The “Simpler” Gentle Art: Applying Occam’s Razor to Jiu-Jitsu

Have you ever seen something and thought, “There’s got to be an easier way to do this”? A recent post from a friend and fellow Jiu-Jitsu coach, Scott Ferguson, and a rereading of Old School Jiu-Jitsu Manifesto made me want to discuss applying one of philosophy’s tools to martial arts, primarily sport Brazilian Jiu-Jitsu.

This little tool, known as Occam’s razor, is a way to find the easiest, simplest way of doing something. Think of it as a blade that shaves away non-essential parts or ideas. The device gets its name from William of Ockham, a fourteenth-century Franciscan friar. He argued that adding elements to something should be a matter of necessity instead of wanting to fluff things up.

Occam’s razor does not imply that the simplest way to do something is always best. That can lead to oversimplification, which has its own issues. For example, the often-used “I’d just stand up” when a person who doesn’t understand grappling thinks he can get out of side control with no trouble or effort. Just standing up is the simplest way, but that technique also assumes having the ability to do so. That assumption cannot apply when a skilled grappler is pinning you down.

Occam’s razor suggests, however, that when looking for a solution to a problem, the one with the fewest variables is likely the best option. In the case of side control, fewer variables might be framing––getting an underhook––then standing up.

A more convoluted pathway might be framing––shrimping––getting to guard––sweeping––then standing up. This might mean more points in the sport application, but it also means more opportunities to lose the game.

I attended a seminar once where the instructor taught a leg-lasso defense and pass to side control. The series of moves was 7-8 steps long. There are numerous issues with the process, primarily based on several assumptions:

  1. Leg-lasso and other guards such as spider-guard generally require the uniform.
  2. Such guards typically don’t account for strikes.
  3. They assume that a person can remember and apply such a chain of moves in stressful moments such as a fight or match.
  4. They also take for granted that the other person wants to engage in a ground situation.

First, a series of techniques or applications that rely solely on the uniform and cannot be performed without it are problematic because they over-engineer the system. (For more on systems thinking in Jiu-Jitsu, check out Ryan Hall on Lex Fridman’s podcast.) Jiu-Jitsu and other martial arts were formed on the basic concepts of self-defense. They later evolved into sports, but still retained much of their martial essence, such as prioritizing top positions over bottom. But with the hyper-focus on various guards, lapel games, and the “look what I can do” mentality in recent years, being on top is taking a back seat to these sport applications. Without the uniform, many of these innovations no longer work.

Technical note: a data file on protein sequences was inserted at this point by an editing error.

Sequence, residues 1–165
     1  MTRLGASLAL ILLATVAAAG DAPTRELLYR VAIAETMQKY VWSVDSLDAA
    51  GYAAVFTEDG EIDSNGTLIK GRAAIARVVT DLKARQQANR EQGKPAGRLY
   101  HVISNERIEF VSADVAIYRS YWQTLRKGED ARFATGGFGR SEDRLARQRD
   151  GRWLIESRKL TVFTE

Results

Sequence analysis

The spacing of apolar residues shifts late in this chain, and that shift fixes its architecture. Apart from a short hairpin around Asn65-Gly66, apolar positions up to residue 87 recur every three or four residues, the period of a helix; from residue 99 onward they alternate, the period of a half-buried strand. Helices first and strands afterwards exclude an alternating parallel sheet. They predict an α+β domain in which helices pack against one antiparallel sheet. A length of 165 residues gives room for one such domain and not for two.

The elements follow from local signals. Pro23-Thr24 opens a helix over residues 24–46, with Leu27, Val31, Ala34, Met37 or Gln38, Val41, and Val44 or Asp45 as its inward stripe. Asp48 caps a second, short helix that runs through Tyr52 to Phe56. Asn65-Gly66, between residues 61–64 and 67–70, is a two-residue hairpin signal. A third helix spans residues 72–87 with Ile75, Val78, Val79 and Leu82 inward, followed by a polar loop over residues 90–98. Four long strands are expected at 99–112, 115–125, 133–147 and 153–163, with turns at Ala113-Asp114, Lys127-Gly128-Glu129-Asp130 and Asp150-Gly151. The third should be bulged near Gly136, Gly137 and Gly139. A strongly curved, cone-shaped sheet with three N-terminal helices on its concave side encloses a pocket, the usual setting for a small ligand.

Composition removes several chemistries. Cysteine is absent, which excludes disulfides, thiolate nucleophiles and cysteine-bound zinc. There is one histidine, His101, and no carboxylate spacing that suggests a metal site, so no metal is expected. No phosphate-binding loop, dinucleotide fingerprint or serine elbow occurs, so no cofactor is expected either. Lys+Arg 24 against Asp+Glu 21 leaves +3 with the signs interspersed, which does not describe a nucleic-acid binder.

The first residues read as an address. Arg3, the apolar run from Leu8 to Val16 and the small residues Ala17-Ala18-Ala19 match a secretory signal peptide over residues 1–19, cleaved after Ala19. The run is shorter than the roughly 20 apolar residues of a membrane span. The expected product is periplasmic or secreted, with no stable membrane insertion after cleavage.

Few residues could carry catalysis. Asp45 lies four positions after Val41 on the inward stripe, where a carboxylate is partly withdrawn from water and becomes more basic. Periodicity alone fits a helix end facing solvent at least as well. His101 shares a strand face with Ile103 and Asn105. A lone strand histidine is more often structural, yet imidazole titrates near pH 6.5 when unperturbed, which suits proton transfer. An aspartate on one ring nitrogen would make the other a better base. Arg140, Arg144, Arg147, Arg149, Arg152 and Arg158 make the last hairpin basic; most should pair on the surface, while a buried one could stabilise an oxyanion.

Second, the Gracies and other Jiu-Jitsu pioneers saw Jiu-Jitsu and Vale Tudo (no-rules fighting) as synonymous. To learn one was to do the other. Striking was an essential part of that system. Sport iterations of Jiu-Jitsu often do not account for this mentality. Instead, they create and evolve without the danger of strikes, weapons, or multiple attackers. While this is not necessarily wrong, it illustrates the over-complication of the system due to the addition of rules. A simpler approach would account for a “no-rules” application.

Next, having scenarios with many steps or numerous variables creates a problem with both memory and application. Due to limited working memory at any time (see Cognitive Load theory), attempting to memorize multiple steps is complicated and taxing on our minds. Not to mention, when we are stressed during a match or fight, keeping these steps in proper sequential order assumes we have either drilled the steps thousands of times or we have an uncanny ability. Both of these assumptions are likely not applicable to the average practitioner. Simpler moves and sequences are easier to remember and apply during moments of duress.

Lastly, we circle back to the “just stand up” phrase. While just standing up may be difficult, it implies a simpler solution than the phrase, “let me see how many ways I can almost get swept or submitted.” Many open guards and fancy moves assume that the other person wants to be there. That might be the case in a sport application, but probably not in most others. This also assumes that the person on bottom wants to be there (issues with this idea listed above).

From a wrestling perspective, we used to say, “cut him” when one of our guys was wrestling with a better bottom player. Cutting him loose and getting back to our feet meant we could work for another takedown instead of giving up a reversal to the better bottom player. Cutting the opponent loose was easier than trying to engage with him.

My point is not to say that the rules and innovations aren’t fun or exciting in some cases. It’s also not to throw away the sport of Jiu-Jitsu. I merely want to illustrate that there is a history to the art that was much simpler and easier to apply in more areas. We don’t need to overcomplicate the gentle art, or any art for that matter. Humans have been fighting and wrestling for millennia and likely will continue, even as the rules change. Occam’s razor is a useful tool to keep in our pocket as we move forward with the changes.

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Published by The Philosophical Fighter

I love being on a mat. I've trained in Karate, Kickboxing, Judo, Brazilian Jiu Jitsu, Wrestling, and Sumo. I currently teach Jiu Jitsu and Judo at Redemption Martial Arts Academy in Tifton, Georgia. I also love to read, write, and philosophize about life.

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